How Embalming Became the Ultimate Act of Self-Expression


King says embalmers have used the same stage makeup on bodies since the early 20th century. These outdated practices have not translated well to modern-day funerals—or beauty trends. “The light bulbs were built differently back then,” King says. “They got very, very hot, so with light shining on the bodies, they needed that thick makeup that wouldn’t melt.”

Considering how makeup trends have evolved, it makes sense that clients and families are hesitant. “Our beauty standards today, everyone wants natural beauty,” says King. “You’re not wearing makeup, you’re just wearing a filter.”

To avoid cakey makeup, King uses airbrushing and setting sprays to give bodies a more natural look, even under hot lights. She also developed a new vegan and lightweight cosmetics kit with a death-care-industry art supplier to help restorative artists use modern makeup techniques and products.

“There are funeral homes that have cosmetic kits from the 1930s and ’40s,” King says. “In our field, no one has decided to change this in, like, 100 years.”

But if you think restorative arts seem like too much work and money for being dead, consider that it’s not dissimilar to how people live their everyday lives. According to a 2023 LendingTree survey, Americans spend an average of $1,754 annually on beauty products, cosmetics, and services. No one would blink an eye at a bride spending $250 on her hair and makeup or $1,900 on her wedding dress, which are average costs in the United States, according to The Knot’s 2022 Real Wedding Study. A funeral is a major life event, just like a wedding. Why wouldn’t you invest in how you look?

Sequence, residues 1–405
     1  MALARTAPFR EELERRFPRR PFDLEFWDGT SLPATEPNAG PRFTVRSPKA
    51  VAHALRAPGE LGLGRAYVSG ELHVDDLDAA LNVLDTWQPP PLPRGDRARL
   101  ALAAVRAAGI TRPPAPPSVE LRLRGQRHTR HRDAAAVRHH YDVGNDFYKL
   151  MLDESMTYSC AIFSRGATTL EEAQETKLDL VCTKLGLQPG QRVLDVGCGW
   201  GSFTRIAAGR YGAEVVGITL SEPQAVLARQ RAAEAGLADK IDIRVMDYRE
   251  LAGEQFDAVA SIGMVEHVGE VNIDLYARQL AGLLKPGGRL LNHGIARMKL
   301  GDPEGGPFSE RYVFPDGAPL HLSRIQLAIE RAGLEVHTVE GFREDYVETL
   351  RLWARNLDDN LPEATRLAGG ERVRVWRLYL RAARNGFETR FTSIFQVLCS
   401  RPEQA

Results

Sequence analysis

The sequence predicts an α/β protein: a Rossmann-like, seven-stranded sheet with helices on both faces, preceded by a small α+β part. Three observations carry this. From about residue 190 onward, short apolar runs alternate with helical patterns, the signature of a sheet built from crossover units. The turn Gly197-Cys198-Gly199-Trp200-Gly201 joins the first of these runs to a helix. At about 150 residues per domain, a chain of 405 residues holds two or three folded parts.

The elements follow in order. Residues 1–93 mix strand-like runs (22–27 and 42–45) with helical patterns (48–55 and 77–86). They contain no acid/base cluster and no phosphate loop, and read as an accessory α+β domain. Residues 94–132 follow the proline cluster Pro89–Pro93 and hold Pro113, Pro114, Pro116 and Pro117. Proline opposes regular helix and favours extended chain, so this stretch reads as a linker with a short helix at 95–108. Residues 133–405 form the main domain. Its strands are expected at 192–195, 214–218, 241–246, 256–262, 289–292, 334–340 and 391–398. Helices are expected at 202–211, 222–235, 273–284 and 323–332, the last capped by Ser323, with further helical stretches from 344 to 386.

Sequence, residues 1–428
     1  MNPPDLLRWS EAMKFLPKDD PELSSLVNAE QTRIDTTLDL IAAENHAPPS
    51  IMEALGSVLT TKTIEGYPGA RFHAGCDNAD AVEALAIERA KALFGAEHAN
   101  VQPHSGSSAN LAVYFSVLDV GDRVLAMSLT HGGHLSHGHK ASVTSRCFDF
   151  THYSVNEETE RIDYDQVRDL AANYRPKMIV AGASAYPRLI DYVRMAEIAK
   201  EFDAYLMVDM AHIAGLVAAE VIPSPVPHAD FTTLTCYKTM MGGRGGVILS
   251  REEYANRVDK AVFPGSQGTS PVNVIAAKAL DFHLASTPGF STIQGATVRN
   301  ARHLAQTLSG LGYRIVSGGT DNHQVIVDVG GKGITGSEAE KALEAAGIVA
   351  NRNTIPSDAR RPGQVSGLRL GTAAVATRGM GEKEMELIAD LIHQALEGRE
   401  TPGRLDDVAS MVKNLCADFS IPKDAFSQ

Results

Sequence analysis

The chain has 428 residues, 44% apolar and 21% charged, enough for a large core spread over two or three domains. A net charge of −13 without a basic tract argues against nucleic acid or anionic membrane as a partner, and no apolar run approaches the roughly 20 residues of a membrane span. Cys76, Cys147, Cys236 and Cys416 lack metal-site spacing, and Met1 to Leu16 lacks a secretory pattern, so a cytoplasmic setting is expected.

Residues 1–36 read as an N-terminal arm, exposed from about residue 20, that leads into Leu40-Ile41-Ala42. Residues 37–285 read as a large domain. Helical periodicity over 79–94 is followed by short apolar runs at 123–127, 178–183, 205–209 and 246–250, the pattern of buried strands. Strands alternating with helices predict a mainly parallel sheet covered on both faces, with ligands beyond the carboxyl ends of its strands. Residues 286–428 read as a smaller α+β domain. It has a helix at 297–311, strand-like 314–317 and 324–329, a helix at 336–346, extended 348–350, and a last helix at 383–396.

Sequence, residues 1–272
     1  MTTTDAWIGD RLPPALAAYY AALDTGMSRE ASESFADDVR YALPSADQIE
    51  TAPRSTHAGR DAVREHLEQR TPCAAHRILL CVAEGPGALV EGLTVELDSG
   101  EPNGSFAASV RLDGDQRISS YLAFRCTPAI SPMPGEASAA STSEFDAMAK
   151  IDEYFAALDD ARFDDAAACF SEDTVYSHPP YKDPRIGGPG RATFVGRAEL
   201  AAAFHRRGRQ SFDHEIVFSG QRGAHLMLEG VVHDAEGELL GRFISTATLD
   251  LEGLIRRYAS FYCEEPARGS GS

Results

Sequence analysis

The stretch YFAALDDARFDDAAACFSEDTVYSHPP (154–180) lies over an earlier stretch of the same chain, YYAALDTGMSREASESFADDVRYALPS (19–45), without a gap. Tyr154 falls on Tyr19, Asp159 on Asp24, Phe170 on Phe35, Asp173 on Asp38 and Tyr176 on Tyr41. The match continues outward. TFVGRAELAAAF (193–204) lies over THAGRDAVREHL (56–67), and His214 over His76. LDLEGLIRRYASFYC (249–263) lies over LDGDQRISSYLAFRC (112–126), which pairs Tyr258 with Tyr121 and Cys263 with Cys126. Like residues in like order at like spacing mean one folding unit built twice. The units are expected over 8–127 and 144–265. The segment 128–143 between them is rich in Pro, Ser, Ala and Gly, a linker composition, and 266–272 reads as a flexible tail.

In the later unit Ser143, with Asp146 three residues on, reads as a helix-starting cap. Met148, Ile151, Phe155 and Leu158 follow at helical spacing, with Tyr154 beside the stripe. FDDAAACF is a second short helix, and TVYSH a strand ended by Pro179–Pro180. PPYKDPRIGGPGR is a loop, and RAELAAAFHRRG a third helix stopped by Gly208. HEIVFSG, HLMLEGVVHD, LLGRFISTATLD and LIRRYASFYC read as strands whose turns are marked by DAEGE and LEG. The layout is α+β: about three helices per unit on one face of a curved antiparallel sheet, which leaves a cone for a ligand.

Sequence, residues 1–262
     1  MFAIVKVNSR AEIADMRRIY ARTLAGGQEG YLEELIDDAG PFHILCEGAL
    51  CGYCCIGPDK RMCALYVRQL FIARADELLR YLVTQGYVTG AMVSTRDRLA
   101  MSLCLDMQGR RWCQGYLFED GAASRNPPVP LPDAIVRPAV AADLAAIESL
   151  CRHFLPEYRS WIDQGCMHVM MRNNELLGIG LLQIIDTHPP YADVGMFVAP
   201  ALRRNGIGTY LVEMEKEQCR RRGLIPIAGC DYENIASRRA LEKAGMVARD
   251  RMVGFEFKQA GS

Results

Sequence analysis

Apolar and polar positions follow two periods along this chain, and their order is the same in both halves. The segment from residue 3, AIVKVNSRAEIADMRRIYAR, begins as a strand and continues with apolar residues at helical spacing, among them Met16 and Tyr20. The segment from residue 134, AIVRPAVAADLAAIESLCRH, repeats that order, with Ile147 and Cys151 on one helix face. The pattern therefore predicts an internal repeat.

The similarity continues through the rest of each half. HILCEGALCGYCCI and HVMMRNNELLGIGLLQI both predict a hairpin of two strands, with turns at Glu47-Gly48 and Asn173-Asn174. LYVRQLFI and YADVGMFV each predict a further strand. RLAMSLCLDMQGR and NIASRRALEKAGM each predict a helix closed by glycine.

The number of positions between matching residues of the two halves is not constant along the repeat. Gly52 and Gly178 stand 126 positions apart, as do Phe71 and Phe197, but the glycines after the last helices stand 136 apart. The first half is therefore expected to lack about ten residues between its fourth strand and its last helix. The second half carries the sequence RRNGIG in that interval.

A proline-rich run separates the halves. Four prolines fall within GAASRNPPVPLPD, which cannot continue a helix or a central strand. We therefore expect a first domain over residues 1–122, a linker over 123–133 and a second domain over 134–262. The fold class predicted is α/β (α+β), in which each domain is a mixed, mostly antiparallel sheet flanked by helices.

For some, restorative arts go even further than vanity. Joél Simone Maldonado, a licensed funeral director with a background in cosmetology and barbering, has seen families spend nearly a thousand dollars on outsourcing hairdressers to braid their loved one’s hair or have custom wigs created for them.

“When I was in mortuary school, nothing about how to take care of people that looked like me was discussed,” says Maldonado, who is Black. “Things that are standard practice—such as shampooing and conditioning for other races—was not standard for us.”

“I tell the horror story all the time of walking into the embalming room and one of my trainers was taking out a woman’s box braids—cutting the braids from her scalp,” says Maldonado. “What was he doing cutting all of her hair off?”

Maldonado intervened and educated the trainer. “He felt so remorseful and so embarrassed,” she says. “That really shifted my perspective from ‘You don’t care about Black people’ to ‘You really don’t know because no one’s ever told you.’”

As a result, Maldonado founded The Black Death, Grief, & Cultural Care Academy, where she teaches courses about Black end-of-life culture, ceremonies, and rituals.

“For Black people specifically, our bodies have been disrespected in so many ways,” she says. “Being presented in an aesthetically pleasing way, it’s almost like a rite of passage for a lot of people.”

This is particularly true if the decedent has undergone trauma. In some cases, restorative arts can literally restore someone’s face and body after traumatic deaths, so that they can look more like themselves, rather than how they did while dying of cancer or after a plane crash.

King says that she will often restore a decedent even if there’s no public viewing (as long as there aren’t major restorations, which she needs the family’s consent for), because families are usually unaware that they can request to see their loved ones privately for a final goodbye. King offers this option in her funeral home, oftentimes for parents who gave birth to a stillborn baby. “We give them the opportunity to be with them, to hold them again, to bring them home for the first time,” she says.

Planning how you look at your funeral isn’t just for you—it’s also for your family. Yet very few people come to King and Maldonado with cosmetic instructions. Both recommend that you follow Santangelo’s lead and write your wishes down.

“When someone doesn’t look recognizable, even though we’ve done the best that we can, it is traumatic for the family,” Maldonado says. “You have a bit of autonomy in that. So why not take advantage of it?”



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